Stage one - pretty corner, shifted trampoline.

Stage one – pretty corner, shifted trampoline.

Both our jobs got CRAZY this September.  My work house increased, and the growing pains of shifting everything else I do around that haven’t quite settled yet.  Andrew has an AWESOME new not-ready-for-public-sharing project at work, which involves rather more travel than we’re used to. We’re both thrilled at the new creative opportunities at our jobs…but it’s a lot of crazy too.  Waiting for the dust to settle.

Before I got my new work hours, I’d planned to spend those hours working on my new creative project: my Eating Liturgically blog.  It’s all planned and worked out, with the first month or so of blogs and recipes planned…IN MY HEAD.  I have got to start getting some stuff in 1s and 0s, you know?  I’m hoping not to have to go all JK Rowling on this and get up at 4am and work before my kids get up…but maybe?  Ugh.  Creative Muses are so mean sometimes. (Also, I’m really excited for this! I want to do it! Just at, you know, 10am.)

Anyway, that’s my flyby update – mwah!

Silver Linings. Very thin ones.

Silver Linings. Very thin ones.

August is, as always, August.  Both kids are rough without school structures and therapies, Andrew and my work schedules remain full, childcare is costly and logistically complicated, it’s stupid hot, etc, etc, etc…but there are a few good things.  Kind of good.  You can note their goodness as you sink into the bog of August soul-sucking angst.

  1. Family rallies.  We have a steady stream of family coming in to adjust the adult to child ratio, to watch the kids so we can squeeze work in, to facilitate the Camp Hagan schedule I set up to try to give the kids some sense of order.  Aunt Kyla is here this week, Cousin Lena is coming for a long weekend, then Grandma Kathy comes on her heels…and then it will very nearly be the first day of school.  It is wonderful not only to see family, but to feel their love and support in their sacrifice of time.
  2. Be in the now.  The only way to get through August, I find, is to shut down the long-term thinking.  It’s too much.  It’s impossible.  It’s an unreasonable time frame of hard.  When you look at it, you get completely overwhelmed and kinda bitchy (I mean, I do anyway).  So – you only look at today, and maybe a peek at tomorrow to be sure you have childcare.  And you find that today, this hour, this minute, this breath, you are, in fact, doing it.  You are okay.  And the next breath.  And the next.  It’s – good? – to be reminded of that.  It does take some mental discipline.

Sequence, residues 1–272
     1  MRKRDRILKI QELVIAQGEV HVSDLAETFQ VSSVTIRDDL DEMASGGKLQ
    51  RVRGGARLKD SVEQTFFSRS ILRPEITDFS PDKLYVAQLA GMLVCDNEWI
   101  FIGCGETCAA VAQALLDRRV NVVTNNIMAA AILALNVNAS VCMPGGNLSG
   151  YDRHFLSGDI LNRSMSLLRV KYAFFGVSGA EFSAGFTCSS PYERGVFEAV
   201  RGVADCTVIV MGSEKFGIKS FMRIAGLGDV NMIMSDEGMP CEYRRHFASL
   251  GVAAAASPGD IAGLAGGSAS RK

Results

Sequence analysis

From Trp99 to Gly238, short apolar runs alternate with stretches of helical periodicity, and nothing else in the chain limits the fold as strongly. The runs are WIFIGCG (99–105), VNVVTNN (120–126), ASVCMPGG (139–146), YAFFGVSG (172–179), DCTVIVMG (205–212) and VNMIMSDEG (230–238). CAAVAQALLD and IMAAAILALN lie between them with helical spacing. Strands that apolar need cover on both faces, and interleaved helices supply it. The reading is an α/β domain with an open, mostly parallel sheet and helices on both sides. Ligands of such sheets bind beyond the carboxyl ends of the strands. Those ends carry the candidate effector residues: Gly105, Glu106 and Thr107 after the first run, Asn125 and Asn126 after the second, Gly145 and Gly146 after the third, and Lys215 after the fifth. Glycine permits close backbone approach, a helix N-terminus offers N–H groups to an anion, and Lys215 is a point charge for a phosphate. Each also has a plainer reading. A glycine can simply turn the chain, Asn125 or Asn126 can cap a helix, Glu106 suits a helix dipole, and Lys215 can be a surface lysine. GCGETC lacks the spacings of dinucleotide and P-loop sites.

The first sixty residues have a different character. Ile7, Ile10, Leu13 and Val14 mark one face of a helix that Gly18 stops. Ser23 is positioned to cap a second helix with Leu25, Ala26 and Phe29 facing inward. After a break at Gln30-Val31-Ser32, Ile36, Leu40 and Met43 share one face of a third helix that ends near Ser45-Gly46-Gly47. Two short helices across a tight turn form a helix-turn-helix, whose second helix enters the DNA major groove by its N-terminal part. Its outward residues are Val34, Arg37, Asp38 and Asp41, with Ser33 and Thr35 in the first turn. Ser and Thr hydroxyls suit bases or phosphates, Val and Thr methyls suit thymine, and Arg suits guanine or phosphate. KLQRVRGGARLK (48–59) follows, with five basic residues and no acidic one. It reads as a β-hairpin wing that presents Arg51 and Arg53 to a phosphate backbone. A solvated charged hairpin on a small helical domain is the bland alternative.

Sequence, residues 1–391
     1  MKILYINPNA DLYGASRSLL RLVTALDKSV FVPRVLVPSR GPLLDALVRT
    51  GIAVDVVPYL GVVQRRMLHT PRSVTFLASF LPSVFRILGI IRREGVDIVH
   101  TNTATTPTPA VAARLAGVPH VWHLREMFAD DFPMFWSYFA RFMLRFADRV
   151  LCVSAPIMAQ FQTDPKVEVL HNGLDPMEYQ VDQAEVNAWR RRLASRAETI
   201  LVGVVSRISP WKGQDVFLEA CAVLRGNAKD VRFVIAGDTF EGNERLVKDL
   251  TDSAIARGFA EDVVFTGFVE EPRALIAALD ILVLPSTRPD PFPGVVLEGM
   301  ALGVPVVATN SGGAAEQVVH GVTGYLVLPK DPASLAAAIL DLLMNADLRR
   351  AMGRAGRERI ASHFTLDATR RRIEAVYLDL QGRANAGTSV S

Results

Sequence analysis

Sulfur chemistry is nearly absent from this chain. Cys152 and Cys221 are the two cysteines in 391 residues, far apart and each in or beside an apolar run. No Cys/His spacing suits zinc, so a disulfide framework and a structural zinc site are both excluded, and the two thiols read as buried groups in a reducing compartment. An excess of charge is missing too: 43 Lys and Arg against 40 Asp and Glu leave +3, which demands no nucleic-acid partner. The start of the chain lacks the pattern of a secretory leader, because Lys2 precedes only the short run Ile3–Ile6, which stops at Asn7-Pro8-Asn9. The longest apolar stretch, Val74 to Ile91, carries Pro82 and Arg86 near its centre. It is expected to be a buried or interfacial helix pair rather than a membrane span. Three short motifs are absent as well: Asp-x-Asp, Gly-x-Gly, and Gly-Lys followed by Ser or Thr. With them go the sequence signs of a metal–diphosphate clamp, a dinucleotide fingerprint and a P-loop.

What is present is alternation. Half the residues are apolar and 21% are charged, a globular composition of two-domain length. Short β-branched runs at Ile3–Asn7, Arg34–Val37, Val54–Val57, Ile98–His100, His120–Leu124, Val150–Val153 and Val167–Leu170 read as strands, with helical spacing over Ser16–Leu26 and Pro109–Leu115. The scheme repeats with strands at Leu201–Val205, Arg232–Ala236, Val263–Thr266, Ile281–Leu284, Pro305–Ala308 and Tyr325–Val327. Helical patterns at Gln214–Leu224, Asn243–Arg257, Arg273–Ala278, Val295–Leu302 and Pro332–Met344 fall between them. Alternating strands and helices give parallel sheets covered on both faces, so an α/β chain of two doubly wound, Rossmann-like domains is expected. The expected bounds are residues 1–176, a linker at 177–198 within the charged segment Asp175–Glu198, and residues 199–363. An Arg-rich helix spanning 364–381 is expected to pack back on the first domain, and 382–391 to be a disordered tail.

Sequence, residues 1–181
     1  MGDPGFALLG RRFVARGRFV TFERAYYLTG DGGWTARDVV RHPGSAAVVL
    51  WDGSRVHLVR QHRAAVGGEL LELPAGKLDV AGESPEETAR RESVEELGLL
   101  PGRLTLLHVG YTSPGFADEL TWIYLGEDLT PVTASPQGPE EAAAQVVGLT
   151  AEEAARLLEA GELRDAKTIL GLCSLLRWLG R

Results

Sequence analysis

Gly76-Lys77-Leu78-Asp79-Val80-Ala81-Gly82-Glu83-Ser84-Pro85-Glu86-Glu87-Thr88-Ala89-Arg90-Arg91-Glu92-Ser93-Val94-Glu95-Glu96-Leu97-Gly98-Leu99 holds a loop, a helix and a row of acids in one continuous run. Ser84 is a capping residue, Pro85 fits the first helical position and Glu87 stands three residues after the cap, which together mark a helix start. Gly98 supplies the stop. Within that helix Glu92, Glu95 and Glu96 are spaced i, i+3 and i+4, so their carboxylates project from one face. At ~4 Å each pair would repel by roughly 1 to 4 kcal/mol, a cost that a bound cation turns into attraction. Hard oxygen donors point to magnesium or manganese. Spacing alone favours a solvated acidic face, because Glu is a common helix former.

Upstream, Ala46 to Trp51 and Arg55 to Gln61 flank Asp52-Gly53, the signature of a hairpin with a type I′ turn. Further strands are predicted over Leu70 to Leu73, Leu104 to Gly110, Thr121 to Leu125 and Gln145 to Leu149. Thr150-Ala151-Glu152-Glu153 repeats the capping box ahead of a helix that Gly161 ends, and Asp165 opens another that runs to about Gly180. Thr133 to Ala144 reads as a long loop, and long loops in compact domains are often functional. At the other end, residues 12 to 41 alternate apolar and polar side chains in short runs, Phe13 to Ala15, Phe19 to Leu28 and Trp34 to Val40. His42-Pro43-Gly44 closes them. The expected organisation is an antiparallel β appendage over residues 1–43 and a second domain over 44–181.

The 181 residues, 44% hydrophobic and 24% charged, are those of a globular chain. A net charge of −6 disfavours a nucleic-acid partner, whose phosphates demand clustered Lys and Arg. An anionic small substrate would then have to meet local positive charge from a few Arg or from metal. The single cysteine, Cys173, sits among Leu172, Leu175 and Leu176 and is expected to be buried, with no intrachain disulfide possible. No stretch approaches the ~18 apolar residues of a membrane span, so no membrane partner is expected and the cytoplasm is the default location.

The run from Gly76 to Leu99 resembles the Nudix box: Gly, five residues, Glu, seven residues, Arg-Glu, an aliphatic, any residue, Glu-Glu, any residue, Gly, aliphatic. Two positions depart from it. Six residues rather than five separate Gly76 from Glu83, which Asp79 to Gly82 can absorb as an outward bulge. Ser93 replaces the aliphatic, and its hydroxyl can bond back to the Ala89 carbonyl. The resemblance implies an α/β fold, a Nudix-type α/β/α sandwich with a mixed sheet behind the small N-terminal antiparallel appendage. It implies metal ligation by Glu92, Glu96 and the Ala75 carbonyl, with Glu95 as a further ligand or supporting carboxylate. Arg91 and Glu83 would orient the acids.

3. Setting expectations.  We’re not new to this August thang.  So, when you say year after year to your job, your church, your friends, your facebook feed “August Hard.  We can’t do August.  No, it’s August.”…well, people eventually get it, and stop asking you to do things in August.  My daily log in my BuJo has way less items on it, and that’s essential because I can’t do anything, it’s August…but it’s kind of nice to have a few less plates going in general.
  4. First Day of School Joy.  I’ve heard other families talk about their kids (and even sometimes the parents, which I do not understand, but whatever) mourning the end of summer.  Resisting the new school year.  Whining about getting up in the morning.  Not my family!  We all eagerly see the day count get shorter and shorter, and on that First Day of School, there is so much rejoicing in our house.  That much joy has to be a good thing.

This August is additionally hard as it’s our first in Trumplandia.  The internal stress from the home combined with the external stress of poking the bear of North Korea/nuclear war and Nazi’s marching about in Virginia  (good Lord, who’dve ever thought I’d type that sentence in freaking 2017…?) is at times simply too much.  But we do have these small silver linings as well.